In the Q&A session, the role of the United Russia was discussed and it was stated that the party is more fragile than it seems, as it would be nothing without Putin. According to both Saari and Pynnöniemi, the party dies or flourishes depending on Putin. There was discussion about the role of critical media and journalism in Russia, for example that of Novaja Gazeta. It was noted as a positive factor that Medvedev is not as paranoid about critical journalism as Putin was. Medvedev has a different kind of approach and attitude towards it. Although this attitude is a good sign, it doesn’t mean anything in itself. Besides, media critical of Putin is very rare in Russia. A question was posed on Medvedev’s rhetoric and whether his nice speeches are fake or if there is some hidden agenda behind them. Dr Pynnöniemi stressed that it is not possible to find any logic in Medvedev’s agenda and there is no hidden reality. His public policy is very empty and it is impossible to say what the intentions really are.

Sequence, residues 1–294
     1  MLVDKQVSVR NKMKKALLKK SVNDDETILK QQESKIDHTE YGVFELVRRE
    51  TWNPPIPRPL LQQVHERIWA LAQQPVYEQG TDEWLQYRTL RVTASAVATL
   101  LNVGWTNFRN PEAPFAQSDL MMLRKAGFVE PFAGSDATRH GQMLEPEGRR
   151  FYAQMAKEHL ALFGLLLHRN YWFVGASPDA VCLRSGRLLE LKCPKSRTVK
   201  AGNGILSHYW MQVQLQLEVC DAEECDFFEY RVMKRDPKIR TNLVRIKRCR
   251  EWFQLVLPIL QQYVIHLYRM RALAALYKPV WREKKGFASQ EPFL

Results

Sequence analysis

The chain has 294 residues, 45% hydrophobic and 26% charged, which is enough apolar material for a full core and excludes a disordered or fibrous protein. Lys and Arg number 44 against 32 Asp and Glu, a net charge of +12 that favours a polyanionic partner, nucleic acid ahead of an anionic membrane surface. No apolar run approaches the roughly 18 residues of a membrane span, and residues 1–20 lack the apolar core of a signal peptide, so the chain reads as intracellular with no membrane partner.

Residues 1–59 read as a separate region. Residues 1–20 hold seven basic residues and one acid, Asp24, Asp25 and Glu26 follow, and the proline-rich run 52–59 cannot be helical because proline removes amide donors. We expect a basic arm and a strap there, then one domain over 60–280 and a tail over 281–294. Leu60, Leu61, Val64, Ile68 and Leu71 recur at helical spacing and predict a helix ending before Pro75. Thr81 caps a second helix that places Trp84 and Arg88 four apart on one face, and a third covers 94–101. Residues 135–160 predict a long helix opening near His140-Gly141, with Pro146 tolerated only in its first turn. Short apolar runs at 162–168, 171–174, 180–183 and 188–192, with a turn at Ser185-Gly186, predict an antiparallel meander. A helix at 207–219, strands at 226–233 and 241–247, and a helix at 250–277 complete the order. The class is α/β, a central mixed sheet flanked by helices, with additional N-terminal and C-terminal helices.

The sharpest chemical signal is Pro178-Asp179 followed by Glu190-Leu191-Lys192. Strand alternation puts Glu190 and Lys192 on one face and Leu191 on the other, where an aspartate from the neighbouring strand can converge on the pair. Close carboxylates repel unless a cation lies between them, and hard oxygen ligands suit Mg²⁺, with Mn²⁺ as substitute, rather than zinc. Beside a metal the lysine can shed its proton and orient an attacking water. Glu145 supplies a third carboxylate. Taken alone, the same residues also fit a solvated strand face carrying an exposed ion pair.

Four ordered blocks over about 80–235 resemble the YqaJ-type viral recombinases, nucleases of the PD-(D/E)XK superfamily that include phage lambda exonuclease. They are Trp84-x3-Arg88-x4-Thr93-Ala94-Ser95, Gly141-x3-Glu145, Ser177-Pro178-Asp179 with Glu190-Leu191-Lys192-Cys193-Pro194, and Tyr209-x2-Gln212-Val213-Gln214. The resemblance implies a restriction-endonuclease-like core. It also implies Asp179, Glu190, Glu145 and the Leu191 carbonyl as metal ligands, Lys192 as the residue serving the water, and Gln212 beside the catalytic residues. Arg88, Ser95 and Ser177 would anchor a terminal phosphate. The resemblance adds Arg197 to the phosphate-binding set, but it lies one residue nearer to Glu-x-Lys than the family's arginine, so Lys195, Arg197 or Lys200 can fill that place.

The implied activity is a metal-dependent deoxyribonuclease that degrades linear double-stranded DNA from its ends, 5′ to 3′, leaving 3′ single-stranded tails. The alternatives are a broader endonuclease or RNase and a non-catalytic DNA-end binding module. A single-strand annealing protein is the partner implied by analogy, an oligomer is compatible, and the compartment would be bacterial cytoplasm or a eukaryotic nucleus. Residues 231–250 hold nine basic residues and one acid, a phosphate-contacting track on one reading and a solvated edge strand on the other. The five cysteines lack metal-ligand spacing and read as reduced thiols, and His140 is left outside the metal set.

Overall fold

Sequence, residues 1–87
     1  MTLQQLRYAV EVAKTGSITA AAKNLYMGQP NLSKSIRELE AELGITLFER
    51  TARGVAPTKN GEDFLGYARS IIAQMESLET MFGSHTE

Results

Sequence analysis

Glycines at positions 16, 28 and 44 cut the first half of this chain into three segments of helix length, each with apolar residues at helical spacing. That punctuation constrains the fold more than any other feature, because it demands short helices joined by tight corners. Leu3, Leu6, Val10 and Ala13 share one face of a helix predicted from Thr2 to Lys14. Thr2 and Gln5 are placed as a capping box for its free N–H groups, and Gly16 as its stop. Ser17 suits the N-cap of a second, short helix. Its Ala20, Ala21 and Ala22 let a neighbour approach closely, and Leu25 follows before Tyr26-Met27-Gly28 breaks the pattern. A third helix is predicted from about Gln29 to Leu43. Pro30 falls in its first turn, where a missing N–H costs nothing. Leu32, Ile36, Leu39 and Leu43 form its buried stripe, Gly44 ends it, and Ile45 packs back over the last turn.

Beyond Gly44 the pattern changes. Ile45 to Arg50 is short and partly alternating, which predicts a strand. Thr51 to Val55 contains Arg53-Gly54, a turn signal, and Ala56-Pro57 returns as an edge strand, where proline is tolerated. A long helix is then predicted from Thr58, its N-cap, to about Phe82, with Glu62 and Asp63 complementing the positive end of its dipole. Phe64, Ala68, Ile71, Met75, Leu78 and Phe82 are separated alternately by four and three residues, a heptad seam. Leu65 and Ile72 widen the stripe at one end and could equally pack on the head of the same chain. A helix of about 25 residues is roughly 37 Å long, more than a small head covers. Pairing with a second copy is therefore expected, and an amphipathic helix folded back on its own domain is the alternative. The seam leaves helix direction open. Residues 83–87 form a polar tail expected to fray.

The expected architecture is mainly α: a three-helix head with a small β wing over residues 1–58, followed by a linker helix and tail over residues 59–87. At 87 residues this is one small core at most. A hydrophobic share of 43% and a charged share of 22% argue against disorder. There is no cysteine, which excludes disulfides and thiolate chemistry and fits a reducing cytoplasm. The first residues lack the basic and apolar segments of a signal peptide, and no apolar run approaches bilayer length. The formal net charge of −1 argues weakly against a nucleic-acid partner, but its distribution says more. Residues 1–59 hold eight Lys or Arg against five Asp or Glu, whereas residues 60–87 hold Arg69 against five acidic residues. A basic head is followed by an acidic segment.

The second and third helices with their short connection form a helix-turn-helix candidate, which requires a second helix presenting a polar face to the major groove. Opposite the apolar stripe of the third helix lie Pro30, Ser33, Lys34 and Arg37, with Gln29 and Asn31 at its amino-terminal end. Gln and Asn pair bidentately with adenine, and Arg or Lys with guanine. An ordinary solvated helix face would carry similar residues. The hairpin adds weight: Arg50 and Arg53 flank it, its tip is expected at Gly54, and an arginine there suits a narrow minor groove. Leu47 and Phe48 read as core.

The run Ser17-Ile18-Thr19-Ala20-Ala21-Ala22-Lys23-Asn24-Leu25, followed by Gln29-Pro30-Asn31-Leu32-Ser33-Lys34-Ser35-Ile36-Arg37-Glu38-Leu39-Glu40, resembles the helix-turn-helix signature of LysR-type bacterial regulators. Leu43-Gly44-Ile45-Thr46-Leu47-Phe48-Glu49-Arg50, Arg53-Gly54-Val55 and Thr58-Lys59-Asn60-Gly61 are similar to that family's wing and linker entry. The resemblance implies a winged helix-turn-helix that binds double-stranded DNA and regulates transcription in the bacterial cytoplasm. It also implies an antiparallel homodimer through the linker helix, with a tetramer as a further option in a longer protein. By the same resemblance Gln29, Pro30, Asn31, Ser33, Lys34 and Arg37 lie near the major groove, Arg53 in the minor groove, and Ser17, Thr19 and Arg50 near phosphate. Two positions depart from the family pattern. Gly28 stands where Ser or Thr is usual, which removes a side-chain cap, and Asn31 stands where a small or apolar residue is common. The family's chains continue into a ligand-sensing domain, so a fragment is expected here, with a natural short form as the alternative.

There was a comment that Putin’s regime is very nervous because money, its tool, is now running out. It was also discussed that there is nervousness in the regime because it is not ready for the modernization and innovations. Because the ruling elite benefits from the weakness, modernization is very difficult to carry out. There is also a feeling that the last time reforms were made, it led to the collapse of the Soviet Union. This is why the ruling elite do not want modernization; they do not want the regime to come to an end. There was a discussion about Russia’s future, which was predicted in a pessimistic way. Dr Saari stated that there will be no quick fix, nor a quick crash in Russia. In 10 years there will be some change as the current system will not sustain. Russia will muddle through and it will be a long and painful process. Dr Moshes added that the gradual degradation of Russia is taking place all the time and it can be seen through the constant worsening of the social situation.